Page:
Journal of Neurophysiology and Neurological Disorders
Research Article

Caffeic Acid Phenethyl Ester Ameliorates Depression- and Anxiety-like Behaviors of Mice Exposed to Chronic Mild Stress

Received Date: December 19, 2013 Accepted Date: July 29, 2014 Published Date: July 31, 2014

Citation: Atsushi Toratani, et al. (2014) Caffeic Acid Phenethyl Ester Ameliorates Depression- and Anxiety-Like Behaviors of Mice Exposed To Chronic Mild Stress. J Neurophysiol Neurol Disord 2: 1-8.

Abstract

Depression and anxiety like symptoms appeared in mice when they were kept in cages and sequentially subjected to leaning, drenching, and rotation within 1-2 days for 3 weeks (chronic mild stress: CMS). The depression-like symptom was evaluated by performing the tail suspension test; and the anxiety-like symptom, by the elevated plus-maze test and light-dark box test. Caffeic Acid Phenethyl Ester (CAPE), a component of propolis, showed a preventive effect against both depression- and anxiety-like symptoms when administered during the stress loading, and CAPE also displayed a therapeutic effect against both symptoms when administered after the stress loading. Furthermore, CAPE restored the CMS-induced decrease in the level of the phosphorylated forms of extracellular signal-regulated protein kinases (ERK) 1/2 and cAMP-response element binding protein (CREB) in the hippocampus to a normal level. These results suggest that CAPE is a promising tool for therapy of mood disorders through activation of the hippocampal ERK1/2-CREB signaling cascade.

Keywords

Caffeic Acid Phenethyl Ester (CAPE); Chronic Mild Stress (CMS); Propolis; Depression; Anxiety; Tail Suspension Test (TST); Elevated Plus-Maze Test (EPMT); Light-Dark Box Test (LDT)

Introduction

Depression and anxiety frequently coexist [1,2] and are sometimes preceded by stressful life events [3,4]. Despite the high occurrence of and significant disability resulting from such disorders, the pathophysiology of stress-related mood disorders is not fully understood. Recent investigations have demonstrated that impaired function of Brain-Derived Neurotrophic Factor (BDNF), a member of the neurotrophin family of neurotrophic factors, is positively correlated with depression [5] and anxiety-related personality traits [6]. BDNF plays roles in the maintenance of neuronal function and plasticity during development and adulthood [7,8]. This factor is highly expressed in the hippocampus, and a growing body of evidence indicates that hippocampal BDNF is involved in the etiology and treatment of stress-related mood disorders including depression and anxiety [6,9]. For example, exposure to a stressor inhibits neurogenesis in the dentate gyrus [10,11] and causes a reduction in hippocampal volume [12,13]. Importantly, such exposure also reduces the level of BDNF in the hippocampus [14]. These findings imply that a stress-induced reduction in neurotrophic support causes hippocampal damage [9,15], suggesting that substances that mimic intracellular signals of neurotrophins including BDNF may be promising candidates for therapy.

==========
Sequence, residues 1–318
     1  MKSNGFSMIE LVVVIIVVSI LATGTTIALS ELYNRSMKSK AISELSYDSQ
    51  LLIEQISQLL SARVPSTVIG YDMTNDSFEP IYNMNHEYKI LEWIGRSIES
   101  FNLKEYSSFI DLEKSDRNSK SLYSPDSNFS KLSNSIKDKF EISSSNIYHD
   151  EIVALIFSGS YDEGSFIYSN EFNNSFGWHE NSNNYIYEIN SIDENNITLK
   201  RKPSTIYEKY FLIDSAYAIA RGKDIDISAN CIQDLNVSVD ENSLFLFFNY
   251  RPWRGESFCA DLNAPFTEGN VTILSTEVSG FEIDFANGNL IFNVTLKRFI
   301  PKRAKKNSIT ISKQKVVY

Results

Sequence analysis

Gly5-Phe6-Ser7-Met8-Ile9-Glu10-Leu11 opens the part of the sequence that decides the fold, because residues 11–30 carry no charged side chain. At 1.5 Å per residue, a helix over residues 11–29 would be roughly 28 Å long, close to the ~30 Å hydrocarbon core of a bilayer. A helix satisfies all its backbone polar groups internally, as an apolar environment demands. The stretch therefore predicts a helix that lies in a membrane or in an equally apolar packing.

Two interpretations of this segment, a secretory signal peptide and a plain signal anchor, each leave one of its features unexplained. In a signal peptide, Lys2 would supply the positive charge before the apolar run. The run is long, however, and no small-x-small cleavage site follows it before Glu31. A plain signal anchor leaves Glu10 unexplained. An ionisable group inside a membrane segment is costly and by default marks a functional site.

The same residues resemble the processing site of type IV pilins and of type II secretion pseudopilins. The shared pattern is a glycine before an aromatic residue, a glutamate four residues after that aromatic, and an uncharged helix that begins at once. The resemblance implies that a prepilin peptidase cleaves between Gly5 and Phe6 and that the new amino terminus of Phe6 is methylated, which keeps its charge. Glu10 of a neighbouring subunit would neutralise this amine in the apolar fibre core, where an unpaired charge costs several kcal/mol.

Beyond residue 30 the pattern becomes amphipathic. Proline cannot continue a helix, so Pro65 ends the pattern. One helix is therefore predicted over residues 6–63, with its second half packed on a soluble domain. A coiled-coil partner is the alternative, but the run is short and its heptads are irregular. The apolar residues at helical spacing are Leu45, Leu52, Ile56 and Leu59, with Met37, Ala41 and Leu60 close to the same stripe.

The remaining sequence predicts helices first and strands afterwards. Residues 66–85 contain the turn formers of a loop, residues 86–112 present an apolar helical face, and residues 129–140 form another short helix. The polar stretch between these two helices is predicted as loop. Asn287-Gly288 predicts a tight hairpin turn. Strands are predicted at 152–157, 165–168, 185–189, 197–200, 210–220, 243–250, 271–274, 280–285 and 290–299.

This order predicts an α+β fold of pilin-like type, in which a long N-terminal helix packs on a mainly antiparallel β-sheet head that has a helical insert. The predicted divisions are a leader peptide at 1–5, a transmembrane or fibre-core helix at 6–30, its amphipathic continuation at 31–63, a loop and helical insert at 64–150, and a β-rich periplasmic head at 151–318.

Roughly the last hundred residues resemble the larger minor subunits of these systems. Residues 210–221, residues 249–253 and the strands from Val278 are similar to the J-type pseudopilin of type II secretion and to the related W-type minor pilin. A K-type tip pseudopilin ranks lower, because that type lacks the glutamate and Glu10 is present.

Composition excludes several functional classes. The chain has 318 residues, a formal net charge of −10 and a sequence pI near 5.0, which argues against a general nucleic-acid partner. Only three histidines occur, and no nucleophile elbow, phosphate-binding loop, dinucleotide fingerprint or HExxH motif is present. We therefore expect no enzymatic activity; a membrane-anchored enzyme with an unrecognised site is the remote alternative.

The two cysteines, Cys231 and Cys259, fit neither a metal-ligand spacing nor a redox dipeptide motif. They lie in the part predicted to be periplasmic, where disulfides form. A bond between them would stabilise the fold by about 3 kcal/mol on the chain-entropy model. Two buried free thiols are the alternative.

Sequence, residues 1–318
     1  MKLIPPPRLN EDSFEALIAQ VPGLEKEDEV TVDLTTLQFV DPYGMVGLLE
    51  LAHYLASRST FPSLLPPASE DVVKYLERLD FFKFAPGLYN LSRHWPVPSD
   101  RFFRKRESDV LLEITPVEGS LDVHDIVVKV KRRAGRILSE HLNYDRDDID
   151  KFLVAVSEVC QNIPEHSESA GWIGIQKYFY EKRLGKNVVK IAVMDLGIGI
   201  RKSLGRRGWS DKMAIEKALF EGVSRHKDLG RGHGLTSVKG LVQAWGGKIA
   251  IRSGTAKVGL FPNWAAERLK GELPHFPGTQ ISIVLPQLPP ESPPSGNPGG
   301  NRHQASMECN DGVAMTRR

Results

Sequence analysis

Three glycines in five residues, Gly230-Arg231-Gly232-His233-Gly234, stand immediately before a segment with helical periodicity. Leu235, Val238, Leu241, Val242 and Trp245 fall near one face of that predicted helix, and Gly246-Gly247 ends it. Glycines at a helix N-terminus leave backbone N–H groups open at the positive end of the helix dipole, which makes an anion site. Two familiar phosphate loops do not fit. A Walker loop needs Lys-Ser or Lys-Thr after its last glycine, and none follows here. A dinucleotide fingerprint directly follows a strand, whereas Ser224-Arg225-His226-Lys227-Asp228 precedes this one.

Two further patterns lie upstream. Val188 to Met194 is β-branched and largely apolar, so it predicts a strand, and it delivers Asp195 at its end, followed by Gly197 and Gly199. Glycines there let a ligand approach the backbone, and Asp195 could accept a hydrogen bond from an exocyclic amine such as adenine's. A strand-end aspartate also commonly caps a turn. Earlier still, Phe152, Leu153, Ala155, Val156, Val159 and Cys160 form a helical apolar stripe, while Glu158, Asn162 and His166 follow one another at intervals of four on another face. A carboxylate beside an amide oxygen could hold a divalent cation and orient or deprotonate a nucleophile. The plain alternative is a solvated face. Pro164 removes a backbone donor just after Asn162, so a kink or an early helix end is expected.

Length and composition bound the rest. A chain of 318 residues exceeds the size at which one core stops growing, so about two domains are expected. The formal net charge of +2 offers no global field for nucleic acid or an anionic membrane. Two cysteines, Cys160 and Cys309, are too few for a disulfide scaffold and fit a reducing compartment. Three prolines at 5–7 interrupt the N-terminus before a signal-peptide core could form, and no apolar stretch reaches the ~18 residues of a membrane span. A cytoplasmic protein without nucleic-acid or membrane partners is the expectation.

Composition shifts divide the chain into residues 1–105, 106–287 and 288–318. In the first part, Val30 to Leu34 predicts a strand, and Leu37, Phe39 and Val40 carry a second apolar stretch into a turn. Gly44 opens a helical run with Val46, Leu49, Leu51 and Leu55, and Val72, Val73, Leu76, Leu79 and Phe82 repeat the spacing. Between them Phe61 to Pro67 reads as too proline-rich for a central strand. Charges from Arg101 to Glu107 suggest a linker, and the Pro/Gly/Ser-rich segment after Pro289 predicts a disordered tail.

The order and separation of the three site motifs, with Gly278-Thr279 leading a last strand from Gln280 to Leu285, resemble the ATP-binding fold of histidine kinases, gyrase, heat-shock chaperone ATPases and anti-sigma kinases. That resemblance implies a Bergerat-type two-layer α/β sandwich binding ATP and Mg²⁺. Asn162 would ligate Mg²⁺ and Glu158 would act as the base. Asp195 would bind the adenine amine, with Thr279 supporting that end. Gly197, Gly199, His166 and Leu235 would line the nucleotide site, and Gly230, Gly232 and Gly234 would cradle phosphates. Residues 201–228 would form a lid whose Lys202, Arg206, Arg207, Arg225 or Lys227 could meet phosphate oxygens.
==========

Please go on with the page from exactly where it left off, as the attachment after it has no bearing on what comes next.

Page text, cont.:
Caffeic Acid Phenethyl Ester (CAPE) is a component of propolis, which is a substance taken from the hives of honeybees; and it exhibits many biological activities including anti-oxidative, anti-inflammatory, anti-tumor, and anti-viral ones [16]. The effects of CAPE have been recently expanded to the central nervous system; i.e., the infarct volume and degree of neurological deficit induced by artery occlusion become smaller in CAPE-administered animals [17-19], and CAPE prevents cultured cerebellar granule neurons against glutamate-induced neurotoxicity [20]. Also, earlier we found that CAPE enhances the recovery of locomotor function and reduces lesion size in the injured spinal cord while suppressing the mRNA expression of pro-inflammatory cytokines and inflammatory enzymes [21]. Furthermore, we recently found that CAPE increased the level of phosphorylated forms of ERK1/2 and cAMP-response element-binding protein (CREB) in cultured central neurons (Soga et al., unpublished results), suggesting BDNF-like biological activity of CAPE. From these observations, CAPE would be expected to have ameliorative activity toward stress-related mood disorders including depression and anxiety, as in the case of BDNF.

We used a murine model of Chronic Mild Stress (CMS) in this present study, because Willner [22] described that this model has good predictive validity (behavioral changes are reversed by chronic treatment with a wide variety of antidepressants), face validity (almost all demonstrable symptoms of depression have been demonstrated), and construct validity (CMS causes a generalized decrease in responsiveness to rewards, comparable to anhedonia, the core symptom of the melancholic subtype of major depressive disorder).

In this study, we examined the effects of CAPE on depressionlike and anxiety-like symptoms and the influence of CAPE on the signal transduction pathways of BDNF by using a CMS animal model.